In its centrality, asset market efficiency determines the ability of a market(s) to incorporate information which offers the maximum level of opportunities to sellers and buyers of securities so as to influence transactions without pushing the transaction costs up. There is sufficient empirical evidence showing that a wide spread of financial information has an effect on the prices of securities and also makes the financial markets to become more efficient. Financial statements have been regarded as being more credible therefore making information to become more reliable. This way, more confidence is generated in the price of a security as stated in the market.

Some other demonstrations of asset market efficiency come up when the perceived market anomalies tend to be widely known after which they disappear subsequently. For example, it once happened that a newly added stock to the stock exchange led to a significant boost to its share price just because it formed part and parcel of the existing index rather than as a result of new fundamental changes in the company. The index-effect anomaly then became widely known and reported, and since then it therefore disappeared mysteriously. This thus demonstrates that when there is a wide information access, markets consequently become increasingly efficient and with this, anomalies also get reduced.

There are 3 degrees of asset market efficiency. First is the weak-form of the asset market efficiency which has the assumption that past movements in price do not have any influence on the future rates. The second degree is the semi-strong asset market efficiency which assumes that stock prices adjust quickly so as to absorb new information which is available to the public (Jonathan et al, 2013). This way, an investor is not in a position of benefiting by utilizing the new public information. The third degree is the strong asset market efficiency which states that the market prices depicts all the information both private and public. This therefore implies that no investor even the one who has an access to insider information will be in a position of benefiting above an average investor.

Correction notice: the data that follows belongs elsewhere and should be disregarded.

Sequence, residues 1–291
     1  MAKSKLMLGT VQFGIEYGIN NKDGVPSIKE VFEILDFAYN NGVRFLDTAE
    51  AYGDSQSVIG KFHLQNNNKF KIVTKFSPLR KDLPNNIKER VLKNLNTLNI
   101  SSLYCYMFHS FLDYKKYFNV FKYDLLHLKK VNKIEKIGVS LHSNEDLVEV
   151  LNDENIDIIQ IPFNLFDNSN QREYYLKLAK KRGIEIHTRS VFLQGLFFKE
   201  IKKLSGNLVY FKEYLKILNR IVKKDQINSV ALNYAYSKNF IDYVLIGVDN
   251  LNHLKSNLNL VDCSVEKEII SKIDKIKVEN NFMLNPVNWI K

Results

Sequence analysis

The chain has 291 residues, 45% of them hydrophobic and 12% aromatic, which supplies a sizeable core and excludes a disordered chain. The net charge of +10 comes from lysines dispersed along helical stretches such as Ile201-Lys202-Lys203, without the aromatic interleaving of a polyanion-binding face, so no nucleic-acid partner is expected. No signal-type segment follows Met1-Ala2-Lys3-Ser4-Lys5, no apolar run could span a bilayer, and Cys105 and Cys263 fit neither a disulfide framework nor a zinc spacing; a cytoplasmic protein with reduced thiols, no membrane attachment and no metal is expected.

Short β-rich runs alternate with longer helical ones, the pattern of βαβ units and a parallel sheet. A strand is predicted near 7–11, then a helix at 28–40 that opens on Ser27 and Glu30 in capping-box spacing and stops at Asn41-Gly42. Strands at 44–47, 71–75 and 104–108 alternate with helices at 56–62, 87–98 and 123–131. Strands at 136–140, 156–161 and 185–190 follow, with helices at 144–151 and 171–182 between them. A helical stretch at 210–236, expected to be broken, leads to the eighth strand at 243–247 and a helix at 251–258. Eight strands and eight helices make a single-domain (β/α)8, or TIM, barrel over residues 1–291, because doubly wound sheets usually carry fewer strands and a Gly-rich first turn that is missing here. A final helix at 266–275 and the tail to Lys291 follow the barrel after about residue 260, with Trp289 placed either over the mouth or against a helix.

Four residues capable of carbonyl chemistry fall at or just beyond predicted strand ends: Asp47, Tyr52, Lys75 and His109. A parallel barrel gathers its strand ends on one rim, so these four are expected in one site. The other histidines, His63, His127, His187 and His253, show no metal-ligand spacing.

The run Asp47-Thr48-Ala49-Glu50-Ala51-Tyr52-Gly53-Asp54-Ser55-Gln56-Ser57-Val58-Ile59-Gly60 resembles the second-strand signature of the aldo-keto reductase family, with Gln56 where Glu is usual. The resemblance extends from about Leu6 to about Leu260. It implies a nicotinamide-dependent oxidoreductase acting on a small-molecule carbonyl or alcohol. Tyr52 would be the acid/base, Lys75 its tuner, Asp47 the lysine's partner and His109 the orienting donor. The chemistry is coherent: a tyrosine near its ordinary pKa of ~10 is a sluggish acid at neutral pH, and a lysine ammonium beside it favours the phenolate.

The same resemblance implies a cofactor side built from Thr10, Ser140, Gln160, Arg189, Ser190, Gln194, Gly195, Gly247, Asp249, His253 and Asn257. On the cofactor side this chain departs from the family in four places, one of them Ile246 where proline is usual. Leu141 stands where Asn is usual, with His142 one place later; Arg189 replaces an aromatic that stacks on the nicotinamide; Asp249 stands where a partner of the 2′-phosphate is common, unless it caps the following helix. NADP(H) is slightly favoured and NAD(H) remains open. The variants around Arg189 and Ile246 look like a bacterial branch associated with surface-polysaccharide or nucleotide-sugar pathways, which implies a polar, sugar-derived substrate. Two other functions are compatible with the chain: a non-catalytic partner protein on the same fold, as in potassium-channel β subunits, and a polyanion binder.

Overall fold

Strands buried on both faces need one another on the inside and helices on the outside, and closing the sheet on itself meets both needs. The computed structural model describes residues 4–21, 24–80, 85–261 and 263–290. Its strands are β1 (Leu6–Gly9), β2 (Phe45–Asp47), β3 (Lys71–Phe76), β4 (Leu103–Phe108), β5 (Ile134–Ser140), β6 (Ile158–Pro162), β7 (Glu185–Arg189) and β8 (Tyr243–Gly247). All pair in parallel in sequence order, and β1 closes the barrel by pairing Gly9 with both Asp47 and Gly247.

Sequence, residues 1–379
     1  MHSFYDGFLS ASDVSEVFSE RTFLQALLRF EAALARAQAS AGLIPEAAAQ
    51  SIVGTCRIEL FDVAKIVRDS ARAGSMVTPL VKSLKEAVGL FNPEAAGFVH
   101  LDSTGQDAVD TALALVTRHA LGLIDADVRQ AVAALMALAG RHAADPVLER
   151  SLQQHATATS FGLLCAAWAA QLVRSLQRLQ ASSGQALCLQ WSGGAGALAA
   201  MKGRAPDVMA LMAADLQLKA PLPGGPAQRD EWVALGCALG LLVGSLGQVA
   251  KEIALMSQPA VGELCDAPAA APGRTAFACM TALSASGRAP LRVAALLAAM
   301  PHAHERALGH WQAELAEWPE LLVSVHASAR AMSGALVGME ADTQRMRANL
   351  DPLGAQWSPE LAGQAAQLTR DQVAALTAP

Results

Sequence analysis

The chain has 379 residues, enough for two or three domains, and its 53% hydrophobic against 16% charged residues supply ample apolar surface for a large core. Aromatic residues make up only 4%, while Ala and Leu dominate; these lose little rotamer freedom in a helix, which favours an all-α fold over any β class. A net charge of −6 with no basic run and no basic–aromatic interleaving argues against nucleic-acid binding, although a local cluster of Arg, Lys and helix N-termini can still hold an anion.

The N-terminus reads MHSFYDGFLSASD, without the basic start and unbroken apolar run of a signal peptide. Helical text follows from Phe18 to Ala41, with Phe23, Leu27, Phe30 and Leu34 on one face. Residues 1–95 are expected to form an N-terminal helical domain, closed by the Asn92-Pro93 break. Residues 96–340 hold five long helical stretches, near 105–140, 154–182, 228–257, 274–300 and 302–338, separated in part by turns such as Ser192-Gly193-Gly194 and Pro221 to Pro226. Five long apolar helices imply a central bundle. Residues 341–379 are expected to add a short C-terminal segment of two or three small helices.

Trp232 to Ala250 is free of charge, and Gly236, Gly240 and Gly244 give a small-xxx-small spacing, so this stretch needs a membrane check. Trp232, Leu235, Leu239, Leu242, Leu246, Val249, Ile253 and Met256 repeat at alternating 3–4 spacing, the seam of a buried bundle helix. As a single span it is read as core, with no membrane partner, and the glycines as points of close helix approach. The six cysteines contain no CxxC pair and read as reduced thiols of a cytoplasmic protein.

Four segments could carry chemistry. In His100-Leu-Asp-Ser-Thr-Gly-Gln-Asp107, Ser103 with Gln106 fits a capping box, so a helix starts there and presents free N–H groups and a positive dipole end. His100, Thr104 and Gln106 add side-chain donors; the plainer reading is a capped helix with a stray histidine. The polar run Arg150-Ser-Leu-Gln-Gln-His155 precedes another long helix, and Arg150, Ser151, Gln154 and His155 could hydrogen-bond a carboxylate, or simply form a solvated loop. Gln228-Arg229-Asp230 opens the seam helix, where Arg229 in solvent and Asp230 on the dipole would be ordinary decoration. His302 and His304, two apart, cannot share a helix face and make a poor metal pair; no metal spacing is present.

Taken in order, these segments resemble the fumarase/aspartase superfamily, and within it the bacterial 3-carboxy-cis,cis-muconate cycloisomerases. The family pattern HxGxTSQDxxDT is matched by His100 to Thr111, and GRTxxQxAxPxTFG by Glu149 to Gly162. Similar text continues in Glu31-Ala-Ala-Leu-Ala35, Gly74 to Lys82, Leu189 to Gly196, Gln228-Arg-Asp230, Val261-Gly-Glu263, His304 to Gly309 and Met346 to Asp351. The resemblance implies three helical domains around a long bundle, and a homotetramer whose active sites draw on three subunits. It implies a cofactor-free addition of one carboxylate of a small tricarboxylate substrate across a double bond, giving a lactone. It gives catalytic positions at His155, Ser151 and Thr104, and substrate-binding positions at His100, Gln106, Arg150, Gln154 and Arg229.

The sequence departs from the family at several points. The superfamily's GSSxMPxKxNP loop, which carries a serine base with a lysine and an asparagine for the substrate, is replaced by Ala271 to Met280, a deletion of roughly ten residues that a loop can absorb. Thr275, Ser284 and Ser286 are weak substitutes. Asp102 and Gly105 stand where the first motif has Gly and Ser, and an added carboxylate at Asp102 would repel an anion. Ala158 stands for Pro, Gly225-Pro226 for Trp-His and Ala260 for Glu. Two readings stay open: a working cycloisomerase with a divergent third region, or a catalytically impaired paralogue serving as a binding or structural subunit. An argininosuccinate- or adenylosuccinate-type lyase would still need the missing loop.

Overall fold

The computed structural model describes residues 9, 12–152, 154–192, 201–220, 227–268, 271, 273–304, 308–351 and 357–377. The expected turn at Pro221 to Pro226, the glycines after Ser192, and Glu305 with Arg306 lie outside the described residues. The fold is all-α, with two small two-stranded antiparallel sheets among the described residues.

The Role of Asset Market Anomalies in Financial Analysis from the Perspective of:

  1. Behavioural finance

The development of behavioural finance was prompted by the regular occurrence of asset market anomalies in the conventional theories of economics. The anomalies seemed to be directly violating the modern economic and financial theories which assumed a logical and rational behaviour among the participants (Shleifer, 2000). The examples below will illustrate the role of asset market anomalies in financial analysis from the perspective of behavioural finance.

  1. January effect.

According to this effect, the average monthly returns for small companies’ is constantly higher during the month of January compared to other months of the year. The January effect phenomenon is against the hypothesis of efficient markets, which provides that stocks must assume a random walk (Diamond et al, 2012). Conducting a financial analysis with this kind of anomaly therefore makes it difficult to come up with consistent results.

One empirical evidence that can be used to demonstrate the January effect anomaly is a case study which was done by Kinney and Rozeff between the period of 1904 and 1974. According to the results of this study, small firms realised average returns of 3.5% during the month of January while the average returns for the other months was registered at 0.5% only. This study suggested that monthly small stocks’ performance assumed a pattern which was relatively consistent. The consistency was not in line with the predictions which were provided for by the conventional theories of finance. Therefore, Kinney and Rozeff believed that there was an anomaly which was at play. The anomaly contributed to the above than average returns in the month of January from year to year.